The epileptic syndrome begins in infancy. They present as brief and frequent gelastic (laughing) seizures which so much resemble natural laughter that parents and physicians often do not recognize that the child is experiencing a seizure, thus leading to a delay in diagnosis of epilepsy and the hypothalamic hamartoma. Psychomotor development is usually normal at this time. Later in childhood between 4-10 years of age, seizures become longer, more generalized, severe and take on less natural sounds The children can also develop multiple seizure patterns. In this stage, the child can display not only signs of aggression, precocious (early) puberty, progressive cognitive impairment , signs of autism, weight change, but poor social adjustment as well.

    Causes
    Although little is known about the origin of such brain tumors, genetics are thought to be associated with the development of this tumor. Research suggests that hypothalamic hamartomas may develop during the sixth or seventh week of gestation.

    Diagnosis
    The diagnosis is based on the patient's neurological symptoms as well as radiographic and neurological tests. Early detection can improve the probability of a successful treatment outcome. Patients with possible hypothalamic hamartomas should have an MRI scan, which should be thoroughly scrutinized, since the lesions are small and sometimes difficult to detect.

    * Magnetic Resonance Imaging (MRI).
    * Computerized Tomography (CT)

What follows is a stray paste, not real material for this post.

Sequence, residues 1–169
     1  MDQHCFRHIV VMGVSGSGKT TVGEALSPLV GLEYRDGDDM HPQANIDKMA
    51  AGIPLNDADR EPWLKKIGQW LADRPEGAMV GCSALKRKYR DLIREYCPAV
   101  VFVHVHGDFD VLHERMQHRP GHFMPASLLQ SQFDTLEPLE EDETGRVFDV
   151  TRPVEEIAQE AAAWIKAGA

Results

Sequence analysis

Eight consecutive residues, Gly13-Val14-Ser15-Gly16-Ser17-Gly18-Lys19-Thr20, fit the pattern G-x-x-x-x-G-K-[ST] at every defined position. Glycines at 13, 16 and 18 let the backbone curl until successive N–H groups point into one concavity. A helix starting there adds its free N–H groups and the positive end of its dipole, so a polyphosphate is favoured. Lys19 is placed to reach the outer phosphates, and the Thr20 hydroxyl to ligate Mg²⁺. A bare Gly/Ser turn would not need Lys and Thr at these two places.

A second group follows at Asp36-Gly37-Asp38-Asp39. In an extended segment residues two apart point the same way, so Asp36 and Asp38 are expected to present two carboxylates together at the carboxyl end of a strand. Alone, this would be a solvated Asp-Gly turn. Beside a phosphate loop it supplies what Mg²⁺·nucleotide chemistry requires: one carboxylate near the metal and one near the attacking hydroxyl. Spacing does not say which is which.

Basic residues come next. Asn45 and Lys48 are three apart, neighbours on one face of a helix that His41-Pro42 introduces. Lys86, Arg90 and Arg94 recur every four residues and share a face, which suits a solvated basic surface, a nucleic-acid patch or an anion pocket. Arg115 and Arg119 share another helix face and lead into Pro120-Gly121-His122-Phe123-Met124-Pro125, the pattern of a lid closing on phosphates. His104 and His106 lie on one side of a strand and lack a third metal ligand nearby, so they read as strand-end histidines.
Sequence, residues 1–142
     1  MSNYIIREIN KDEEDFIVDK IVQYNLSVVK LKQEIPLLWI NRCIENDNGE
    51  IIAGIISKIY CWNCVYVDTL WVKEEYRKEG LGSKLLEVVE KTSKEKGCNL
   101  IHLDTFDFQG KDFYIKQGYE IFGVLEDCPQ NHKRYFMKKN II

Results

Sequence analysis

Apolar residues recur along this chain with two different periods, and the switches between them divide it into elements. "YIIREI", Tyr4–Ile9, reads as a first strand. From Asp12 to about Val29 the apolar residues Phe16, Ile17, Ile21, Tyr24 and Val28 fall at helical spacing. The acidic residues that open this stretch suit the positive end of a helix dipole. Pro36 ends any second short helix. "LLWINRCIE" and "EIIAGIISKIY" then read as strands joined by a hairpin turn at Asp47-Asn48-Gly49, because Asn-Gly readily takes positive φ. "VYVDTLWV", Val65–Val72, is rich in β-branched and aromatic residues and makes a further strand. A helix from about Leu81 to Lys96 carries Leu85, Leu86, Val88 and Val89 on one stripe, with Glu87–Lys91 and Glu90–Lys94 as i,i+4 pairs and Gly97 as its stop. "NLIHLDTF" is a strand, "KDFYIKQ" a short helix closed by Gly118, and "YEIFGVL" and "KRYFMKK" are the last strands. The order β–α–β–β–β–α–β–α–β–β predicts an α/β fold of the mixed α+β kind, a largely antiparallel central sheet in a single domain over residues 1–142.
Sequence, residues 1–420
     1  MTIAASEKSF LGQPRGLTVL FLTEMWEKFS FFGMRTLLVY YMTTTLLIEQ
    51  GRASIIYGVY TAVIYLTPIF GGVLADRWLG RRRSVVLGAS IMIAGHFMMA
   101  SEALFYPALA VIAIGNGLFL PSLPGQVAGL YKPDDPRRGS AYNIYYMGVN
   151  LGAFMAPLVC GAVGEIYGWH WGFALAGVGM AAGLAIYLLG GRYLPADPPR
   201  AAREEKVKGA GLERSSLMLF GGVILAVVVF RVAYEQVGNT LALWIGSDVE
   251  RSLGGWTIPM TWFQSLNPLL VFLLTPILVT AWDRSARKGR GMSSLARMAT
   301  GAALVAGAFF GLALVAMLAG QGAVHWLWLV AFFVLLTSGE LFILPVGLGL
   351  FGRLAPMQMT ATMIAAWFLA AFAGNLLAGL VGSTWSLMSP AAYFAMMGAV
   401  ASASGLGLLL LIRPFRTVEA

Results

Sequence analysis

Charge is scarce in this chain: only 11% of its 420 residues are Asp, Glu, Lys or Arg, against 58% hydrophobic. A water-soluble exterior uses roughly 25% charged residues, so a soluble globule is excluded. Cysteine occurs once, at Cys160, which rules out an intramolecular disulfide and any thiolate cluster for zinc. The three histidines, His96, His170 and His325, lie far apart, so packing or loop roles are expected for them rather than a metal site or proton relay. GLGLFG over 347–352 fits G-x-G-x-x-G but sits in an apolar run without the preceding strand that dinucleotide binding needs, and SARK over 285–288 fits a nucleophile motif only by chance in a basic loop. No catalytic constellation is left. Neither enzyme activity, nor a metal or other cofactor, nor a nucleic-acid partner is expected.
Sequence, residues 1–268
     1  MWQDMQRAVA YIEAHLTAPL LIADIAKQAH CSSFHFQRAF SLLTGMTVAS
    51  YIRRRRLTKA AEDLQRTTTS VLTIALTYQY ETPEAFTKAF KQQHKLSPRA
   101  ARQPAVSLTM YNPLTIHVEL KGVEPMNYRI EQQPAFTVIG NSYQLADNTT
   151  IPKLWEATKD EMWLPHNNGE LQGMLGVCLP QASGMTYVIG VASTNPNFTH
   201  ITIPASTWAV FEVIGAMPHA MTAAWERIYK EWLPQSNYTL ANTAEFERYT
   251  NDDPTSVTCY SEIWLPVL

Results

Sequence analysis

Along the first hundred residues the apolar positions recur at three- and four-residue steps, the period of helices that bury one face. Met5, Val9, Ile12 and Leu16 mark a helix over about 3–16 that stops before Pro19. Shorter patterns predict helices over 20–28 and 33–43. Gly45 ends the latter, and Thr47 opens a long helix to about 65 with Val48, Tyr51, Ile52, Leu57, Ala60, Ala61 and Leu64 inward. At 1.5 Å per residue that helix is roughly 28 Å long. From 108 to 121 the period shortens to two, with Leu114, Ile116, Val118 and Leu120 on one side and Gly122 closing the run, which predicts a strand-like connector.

* Neurological tests such as EEG monitoring
    * Neuropsychological evaluation
    * Video monitoring
    * Endocrine evaluation
    * Visual field assessment

    Last edited by jillw; 09-27-2004 at 05:29 PM.

     
    Old 09-27-2004, 06:03 PM   #5
    cosjon
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    Smile Re: Seizures, Laughing Bringing Them On

    Thank you for the information.

     
    Old 09-27-2004, 06:09 PM   #6
    cosjon
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    Re: Seizures, Laughing Bringing Them On

    Yes, thank you. However, I meant laughing causing the seizure. I did not mean laughing during or as a result of a seizure. Has anyone experienced or heard of the situation where laughing would cause a seizure?
    Thanks again.

     
    Old 10-06-2004, 12:33 PM   #7
    jillw
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    Re: Seizures, Laughing Bringing Them On

    Hi again,

    Sorry that Phoenix article wasn't too helpful. Maybe you can contact them through their site. Try searching "BNI". I wish I could tell you the name! Keep us posted.

     
    Old 10-12-2004, 11:31 AM   #8
    mimi5859
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    Re: Seizures, Laughing Bringing Them On

    Hi I have a daughter who is 25yr old and has cerebral palsy. She just started having seizures. The docs do not know why but she has had several when she does laugh alot and seems as though she goes into a seizure. She has had 5 during the time she was transferred which is odd..also several in her sleep she has always been transferred to hospital due to her shallow breathing..just dont know alot about all this but would like to hear from someone who experiences these..she is also a diabetic and is insulin dependant but her bl. sugars are always ok during the seizure..this is very scary. thanks for listening...Mimi